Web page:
Overtime pay is the most common form of compensation that senior living operators are giving to cover extra shifts and address other staffing needs as communities work to prevent or manage cases of COVID-19 among residents and employees, according to respondents to a McKnight’s Senior Living editorial survey.
Paying overtime was cited by 53% of participants, whereas the second most commonly cited approach, having managers fill in, was cited by 42%. Respondents were permitted to choose as many options as were applicable to their communities.
“We have not cut any jobs but rather have redistributed tasks so people may stay employed,” one participant said.
“Our supervisors are having to work two and three jobs and doing 12- and 16-hour shifts,” said another. “We have been [doing so] long before this. No one cares; they say it is our job.”
McKnight’s Senior Living conducted the survey April 1 to 3 via email; 336 usable responses from administrators, owners, operators, health and wellness leaders, frontline caregivers and others working in independent living, assisted living, memory care and continuing care retirement communities were received.
Other ways that senior living communities are compensating employees for extra work or addressing staffing needs, according to survey-takers, include increasing the hours of part-time staff members (35%), offering bonus pay or gift cards (33%), using more agency nurses and / or aides (18%), awarding extra paid time off (8%), and using retired nurses and / or aides (3%). Seventeen percent of respondents said the question was not applicable to their communities.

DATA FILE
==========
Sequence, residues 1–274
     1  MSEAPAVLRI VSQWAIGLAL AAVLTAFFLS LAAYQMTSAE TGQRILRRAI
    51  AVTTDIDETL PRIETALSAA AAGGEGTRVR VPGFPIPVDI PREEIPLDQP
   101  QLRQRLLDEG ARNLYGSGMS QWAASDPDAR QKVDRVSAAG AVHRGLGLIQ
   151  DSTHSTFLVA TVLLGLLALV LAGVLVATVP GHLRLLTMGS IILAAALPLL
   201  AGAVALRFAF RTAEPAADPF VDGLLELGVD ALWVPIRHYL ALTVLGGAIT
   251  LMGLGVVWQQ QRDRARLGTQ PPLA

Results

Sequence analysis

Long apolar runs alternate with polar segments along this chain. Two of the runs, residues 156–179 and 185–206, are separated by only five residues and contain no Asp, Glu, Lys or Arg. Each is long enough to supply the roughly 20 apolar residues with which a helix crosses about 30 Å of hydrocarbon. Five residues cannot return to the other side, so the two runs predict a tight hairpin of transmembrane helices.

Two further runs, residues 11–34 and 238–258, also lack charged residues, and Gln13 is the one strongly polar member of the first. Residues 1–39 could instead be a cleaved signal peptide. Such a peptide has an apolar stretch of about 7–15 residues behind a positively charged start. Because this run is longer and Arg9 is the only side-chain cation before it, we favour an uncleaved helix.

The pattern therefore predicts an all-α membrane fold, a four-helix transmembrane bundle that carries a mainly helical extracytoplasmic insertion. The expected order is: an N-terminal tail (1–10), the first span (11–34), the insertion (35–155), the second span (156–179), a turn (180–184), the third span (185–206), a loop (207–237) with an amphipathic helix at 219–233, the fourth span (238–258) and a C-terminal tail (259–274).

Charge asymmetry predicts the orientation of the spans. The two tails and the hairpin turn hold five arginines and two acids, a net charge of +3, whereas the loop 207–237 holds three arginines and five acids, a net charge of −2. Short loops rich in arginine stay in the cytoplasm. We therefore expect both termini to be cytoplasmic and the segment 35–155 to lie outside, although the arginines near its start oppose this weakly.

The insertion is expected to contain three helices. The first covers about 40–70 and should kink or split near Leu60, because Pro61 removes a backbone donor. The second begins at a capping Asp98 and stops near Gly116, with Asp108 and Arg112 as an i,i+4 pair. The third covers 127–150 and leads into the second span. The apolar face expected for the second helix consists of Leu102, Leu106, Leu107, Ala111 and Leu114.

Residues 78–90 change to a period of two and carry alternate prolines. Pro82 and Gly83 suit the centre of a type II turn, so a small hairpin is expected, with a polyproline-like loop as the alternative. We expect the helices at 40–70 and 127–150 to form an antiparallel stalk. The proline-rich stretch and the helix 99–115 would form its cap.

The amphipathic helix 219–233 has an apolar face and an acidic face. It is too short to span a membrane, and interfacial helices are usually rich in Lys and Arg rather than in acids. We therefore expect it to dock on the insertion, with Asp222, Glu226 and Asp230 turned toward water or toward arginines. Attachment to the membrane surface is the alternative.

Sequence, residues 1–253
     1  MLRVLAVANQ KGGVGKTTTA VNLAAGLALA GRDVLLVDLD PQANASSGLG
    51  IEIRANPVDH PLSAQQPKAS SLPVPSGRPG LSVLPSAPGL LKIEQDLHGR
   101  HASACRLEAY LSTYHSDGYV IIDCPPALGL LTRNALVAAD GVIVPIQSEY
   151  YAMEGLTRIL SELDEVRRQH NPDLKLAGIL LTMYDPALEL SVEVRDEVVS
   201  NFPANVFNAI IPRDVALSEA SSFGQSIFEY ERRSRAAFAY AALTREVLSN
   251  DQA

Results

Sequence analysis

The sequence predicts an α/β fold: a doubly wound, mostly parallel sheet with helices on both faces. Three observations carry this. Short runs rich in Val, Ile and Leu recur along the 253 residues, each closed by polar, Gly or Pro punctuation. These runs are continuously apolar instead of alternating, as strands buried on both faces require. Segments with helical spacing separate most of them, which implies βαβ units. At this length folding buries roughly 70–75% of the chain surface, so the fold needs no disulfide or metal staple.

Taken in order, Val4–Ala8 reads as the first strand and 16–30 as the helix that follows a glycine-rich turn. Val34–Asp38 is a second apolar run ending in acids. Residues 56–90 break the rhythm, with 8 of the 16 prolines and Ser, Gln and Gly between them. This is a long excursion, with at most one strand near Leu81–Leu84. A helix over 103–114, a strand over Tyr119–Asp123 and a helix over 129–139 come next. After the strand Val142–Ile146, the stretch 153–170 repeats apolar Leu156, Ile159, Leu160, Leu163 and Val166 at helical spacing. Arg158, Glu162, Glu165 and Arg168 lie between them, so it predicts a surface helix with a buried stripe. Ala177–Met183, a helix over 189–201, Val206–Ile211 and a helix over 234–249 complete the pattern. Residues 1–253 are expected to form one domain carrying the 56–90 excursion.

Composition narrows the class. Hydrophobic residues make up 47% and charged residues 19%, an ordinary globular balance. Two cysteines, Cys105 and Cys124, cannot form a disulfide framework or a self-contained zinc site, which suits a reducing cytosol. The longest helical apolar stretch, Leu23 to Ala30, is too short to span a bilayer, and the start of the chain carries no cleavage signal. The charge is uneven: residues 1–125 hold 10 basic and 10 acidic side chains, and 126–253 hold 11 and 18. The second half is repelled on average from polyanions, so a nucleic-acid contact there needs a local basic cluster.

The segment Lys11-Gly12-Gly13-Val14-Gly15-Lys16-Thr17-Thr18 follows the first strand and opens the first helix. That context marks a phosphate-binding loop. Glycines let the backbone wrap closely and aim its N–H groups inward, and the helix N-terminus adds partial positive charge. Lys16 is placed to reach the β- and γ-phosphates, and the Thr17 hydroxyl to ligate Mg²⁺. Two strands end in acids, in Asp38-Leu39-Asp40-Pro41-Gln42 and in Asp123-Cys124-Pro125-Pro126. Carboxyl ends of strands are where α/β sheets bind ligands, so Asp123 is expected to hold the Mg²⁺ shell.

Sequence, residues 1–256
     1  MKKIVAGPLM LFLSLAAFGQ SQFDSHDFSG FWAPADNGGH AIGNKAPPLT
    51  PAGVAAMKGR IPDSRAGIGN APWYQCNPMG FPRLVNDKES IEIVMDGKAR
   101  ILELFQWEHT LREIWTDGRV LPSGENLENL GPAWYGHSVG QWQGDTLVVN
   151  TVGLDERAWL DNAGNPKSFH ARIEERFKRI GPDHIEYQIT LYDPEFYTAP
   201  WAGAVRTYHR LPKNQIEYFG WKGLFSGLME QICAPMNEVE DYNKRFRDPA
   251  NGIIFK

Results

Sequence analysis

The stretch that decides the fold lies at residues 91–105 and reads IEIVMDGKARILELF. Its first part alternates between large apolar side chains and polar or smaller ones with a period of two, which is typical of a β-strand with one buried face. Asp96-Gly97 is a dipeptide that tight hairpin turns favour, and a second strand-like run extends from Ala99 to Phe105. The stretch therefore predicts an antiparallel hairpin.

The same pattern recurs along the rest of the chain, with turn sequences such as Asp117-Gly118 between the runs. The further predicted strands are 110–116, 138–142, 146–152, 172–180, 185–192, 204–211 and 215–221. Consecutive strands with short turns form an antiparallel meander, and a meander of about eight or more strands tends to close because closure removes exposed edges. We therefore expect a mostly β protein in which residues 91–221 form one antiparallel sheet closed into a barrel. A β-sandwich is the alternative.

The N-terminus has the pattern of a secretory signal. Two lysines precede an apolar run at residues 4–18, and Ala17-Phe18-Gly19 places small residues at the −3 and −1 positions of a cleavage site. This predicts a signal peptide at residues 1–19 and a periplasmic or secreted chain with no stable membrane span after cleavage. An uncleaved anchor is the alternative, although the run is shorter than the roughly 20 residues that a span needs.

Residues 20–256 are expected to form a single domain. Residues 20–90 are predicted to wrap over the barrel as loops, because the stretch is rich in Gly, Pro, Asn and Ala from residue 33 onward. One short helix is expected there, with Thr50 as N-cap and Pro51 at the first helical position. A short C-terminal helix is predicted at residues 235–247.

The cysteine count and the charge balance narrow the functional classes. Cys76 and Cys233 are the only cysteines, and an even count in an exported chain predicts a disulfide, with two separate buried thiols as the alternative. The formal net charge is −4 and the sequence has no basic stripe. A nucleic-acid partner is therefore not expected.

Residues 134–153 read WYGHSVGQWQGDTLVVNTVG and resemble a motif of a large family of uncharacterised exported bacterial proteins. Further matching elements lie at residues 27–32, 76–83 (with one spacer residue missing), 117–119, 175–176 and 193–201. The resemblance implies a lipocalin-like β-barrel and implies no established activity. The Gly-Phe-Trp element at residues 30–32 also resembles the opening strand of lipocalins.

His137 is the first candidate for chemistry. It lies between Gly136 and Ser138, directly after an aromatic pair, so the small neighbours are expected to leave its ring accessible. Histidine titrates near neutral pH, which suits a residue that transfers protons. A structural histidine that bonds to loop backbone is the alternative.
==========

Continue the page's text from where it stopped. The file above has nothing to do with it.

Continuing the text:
Additionally, 11% of respondents said their communities are taking other approaches to address staffing considerations. Food appears to be a frequent perk, with participants mentioning staff members being permitted to order food; being provided meals on all shifts; and being offered pizza, ice cream, snacks and beverages in the staff lounge.
Other tactics include offering stipends for child care; implementing flexible scheduling or the ability for workers to access their pay as soon as they’ve earned it rather than wait for the next payday; allowing staff members to pay for toilet paper and other supplies from vendors using payroll deductions; providing travel-sized hand sanitizer and hand cream for workers to keep in their cars; and scheduling daily fun activities and giveaways for staff members.
Seventy-seven percent of survey-takers said that no cases or presumed cases of COVID-19 had been detected among residents or workers in their communities, but 44% of respondents said workers are calling in sick or exhibiting symptoms of COVID-19 at their communities.
“We need to have an efficient way to know when employees are working in multiple communities in order to help minimize cross exposure between communities, since we know that it’s the employees who take COVID from building to building,” one survey-taker said.
See other results of the survey here.